HomeEconomic IndicatorIMF confirms ongoing negotiations on Sri Lanka's debt without knowledge of any...

IMF confirms ongoing negotiations on Sri Lanka’s debt without knowledge of any specific agreements.

IMF Unaware of Specific Agreements on Sri Lanka Debt Talks

IMF Official Responds to China Announcement

The International Monetary Fund (IMF) has stated that it was not informed about any specific agreements regarding Sri Lankan debt talks, following China’s recent announcement of an agreement with the country. Peter Breuer, a fund official, confirmed that talks between Sri Lanka and its creditors, including China, are still ongoing. He emphasized that the IMF will need to assess the entire package of agreements to ensure consistency with IMF debt targets.

Sri Lanka’s Economic Crisis and Debt Restructuring

Sri Lanka is currently facing its worst economic crisis in 70 years and is engaged in debt restructuring talks with various creditors. China is the largest single creditor of Sri Lanka. In May 2022, Colombo suspended debt repayments. Sri Lanka’s finance ministry announced that the Export-Import Bank of China has extended an initial debt restructuring deal, which Finance Minister Ranjith Siyambalapitiya believes will benefit the country’s economy.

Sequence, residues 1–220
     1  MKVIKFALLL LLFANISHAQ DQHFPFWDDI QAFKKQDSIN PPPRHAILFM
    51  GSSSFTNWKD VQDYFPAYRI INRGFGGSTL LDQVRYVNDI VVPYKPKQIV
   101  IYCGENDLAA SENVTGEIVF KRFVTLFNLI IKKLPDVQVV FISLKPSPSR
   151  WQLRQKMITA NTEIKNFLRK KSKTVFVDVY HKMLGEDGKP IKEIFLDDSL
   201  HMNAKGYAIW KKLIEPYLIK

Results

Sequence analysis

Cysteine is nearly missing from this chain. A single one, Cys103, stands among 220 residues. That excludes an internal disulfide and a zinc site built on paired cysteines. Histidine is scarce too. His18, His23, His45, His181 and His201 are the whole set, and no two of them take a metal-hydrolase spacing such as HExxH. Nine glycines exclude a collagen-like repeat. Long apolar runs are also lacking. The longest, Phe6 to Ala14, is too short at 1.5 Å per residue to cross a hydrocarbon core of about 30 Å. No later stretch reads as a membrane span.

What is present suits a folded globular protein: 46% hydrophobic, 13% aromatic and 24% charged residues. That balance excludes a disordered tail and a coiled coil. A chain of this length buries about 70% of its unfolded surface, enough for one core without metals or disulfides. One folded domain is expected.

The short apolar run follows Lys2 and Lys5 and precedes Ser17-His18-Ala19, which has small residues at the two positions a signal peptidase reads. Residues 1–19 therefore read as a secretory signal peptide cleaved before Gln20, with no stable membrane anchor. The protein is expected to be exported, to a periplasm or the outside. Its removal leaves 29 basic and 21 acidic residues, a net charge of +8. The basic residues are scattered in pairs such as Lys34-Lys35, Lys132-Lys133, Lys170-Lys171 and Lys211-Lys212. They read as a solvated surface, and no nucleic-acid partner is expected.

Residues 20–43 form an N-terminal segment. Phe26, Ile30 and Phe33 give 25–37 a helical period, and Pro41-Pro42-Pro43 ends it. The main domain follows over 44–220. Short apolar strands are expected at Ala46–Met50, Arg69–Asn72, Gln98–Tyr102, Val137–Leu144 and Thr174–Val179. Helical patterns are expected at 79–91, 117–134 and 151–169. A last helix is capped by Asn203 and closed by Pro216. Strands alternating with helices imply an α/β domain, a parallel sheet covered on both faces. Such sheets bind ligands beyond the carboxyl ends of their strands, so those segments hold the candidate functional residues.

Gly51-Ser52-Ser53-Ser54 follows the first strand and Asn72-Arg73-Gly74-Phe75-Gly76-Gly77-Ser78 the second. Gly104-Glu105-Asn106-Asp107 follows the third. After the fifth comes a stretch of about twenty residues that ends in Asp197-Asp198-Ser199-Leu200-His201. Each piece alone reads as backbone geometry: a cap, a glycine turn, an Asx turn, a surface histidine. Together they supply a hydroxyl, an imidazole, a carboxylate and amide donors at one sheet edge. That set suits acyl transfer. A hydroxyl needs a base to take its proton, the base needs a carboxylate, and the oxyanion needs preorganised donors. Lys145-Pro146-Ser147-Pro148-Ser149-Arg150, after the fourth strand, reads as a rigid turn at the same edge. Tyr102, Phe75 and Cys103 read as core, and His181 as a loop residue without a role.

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IMF Bailout and Other Creditors

Sri Lanka is also in discussions for a $2.9 billion IMF bailout. However, the IMF declined to release a second tranche of approximately $330 million in September due to concerns about a possible government revenue shortfall. Other bilateral creditors, including the Paris Club, Japan, and India, are expected to make an announcement on a deal during the IMF meetings.

Multilateral Efforts to Address Debt Woes

Japan, India, and France have formed a common platform for talks among bilateral creditors to coordinate the restructuring of Sri Lanka’s debt. They hope that this initiative will serve as a model for resolving debt issues faced by middle-income economies. As Sri Lanka is not part of the G20 debt initiative known as the Common Framework, separate talks with official creditors from China are being conducted.

Expert Opinion on the Exim Agreement

Jamie Fallon, an economist with Tellimer Research, described the agreement with the Export-Import Bank of China as a “surprise deal.” He believes that this development could pave the way for further agreements with commercial and bilateral creditors. Fallon also highlighted the importance of IMF board approval for the next round of extended fund facility funding, provided other points of contention, such as revenue shortfalls, can be addressed.

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By Jorgelina do Rosario

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